To support those who use Acoustic Technics as a springboard for more detailed enquiry, he suggests other authors and leading texts in footnotes and references. At this point, it is worth highlighting a positive effect of the very technologies under discussion: easy access to the internet brings parts of the text to life in a way that would have been unthinkable less than a generation ago: for example, in Chapter 6, Synthesizing Sound’s we learn that the first synthesizer, or electronic musical instrument, “appears to be Leon Theremin’s ‘theremin,’ invented in 1920.” Within a couple of clicks it is possible to watch Theremin play his own invention!
In Acoustic Technics, the Preface plays an important role in alerting the new reader to the first-person, narrative style of writing and to the book’s overall structure. It is divided into two parts. The first four chapters in Part I are in “survey mode” and their broad perspective lays the foundations for the case studies in Part II which focus on specific themes and technologies such as medical acoustics and hearing devices, and “audiovisual” multimedia; from mobile phones to the advanced hybrid opto-acoustic devices used in art, music, medicine and science. Even within Part II, each chapter maintains its broad-to-narrow focus.
Chapter 1 opens in 1900 with the first of a number of Ihde’s favourite “aha” moments in technoscience history; William Herschel’s accidental discovery of “heat-light” or infrared radiation; that is, emissions beyond the visible spectrum. Finding “light beyond light” was a major phenomenological discovery” because until then the limits of human perceivable experience had been determined by the perceptual limits of the senses. From here, Ihde traces the discovery of other emissions that make up the continuum that we now call the electromagnetic spectrum, from “the longest radio (wave) to the shortest gamma waves.” He asks, and later addresses the question, “how can phenomenology, better postphenomenology, deal with newly discovered phenomena of light (soon also sound) beyond even our whole body capacities?” Against this background, Ihde discusses the development first of optical and then of acoustic instruments used to image or detect, measure, and project light and sound emissions beyond the limits of human bodily experience. In the 20th century these linear development trajectories began to converge, triggering the explosion of the hybrid audio-visual/opto-acoustic technologies in use today.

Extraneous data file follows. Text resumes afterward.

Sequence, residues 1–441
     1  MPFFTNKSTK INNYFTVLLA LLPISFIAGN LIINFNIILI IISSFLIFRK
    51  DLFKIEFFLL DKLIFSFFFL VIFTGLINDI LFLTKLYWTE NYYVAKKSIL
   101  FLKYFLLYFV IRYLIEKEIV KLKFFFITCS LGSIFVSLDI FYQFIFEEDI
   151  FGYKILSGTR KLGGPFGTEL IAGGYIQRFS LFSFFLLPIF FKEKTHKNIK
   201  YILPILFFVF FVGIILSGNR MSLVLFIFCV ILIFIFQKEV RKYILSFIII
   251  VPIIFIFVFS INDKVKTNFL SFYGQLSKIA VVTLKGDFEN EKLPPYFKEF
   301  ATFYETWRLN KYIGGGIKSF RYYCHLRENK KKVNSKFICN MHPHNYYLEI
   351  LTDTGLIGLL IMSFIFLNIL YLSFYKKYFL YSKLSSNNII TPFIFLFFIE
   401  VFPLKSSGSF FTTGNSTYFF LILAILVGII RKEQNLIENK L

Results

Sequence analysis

Acoustic Technics is a slim volume and, perhaps, a little expensive, but it has changed the way I think about technology and it highlights the part we can all play in looking beyond the early hype of new inventions. According to Ihde, the technologies we invent “‘reinvent’ us as well” but, he asks, at what cost to “the embodied human perceiver”?
Nicola Miller is an Honorary Research Fellow based at the University of Aberdeen’s Biomedical Imaging Centre. She has a longstanding interest in the science underlying sound perception and its production, and the nature of the link between the ear and the voice. Her work has been published in the Journal of Voice and, in March 2016, Psychomusicology: Music, Mind, and Brain.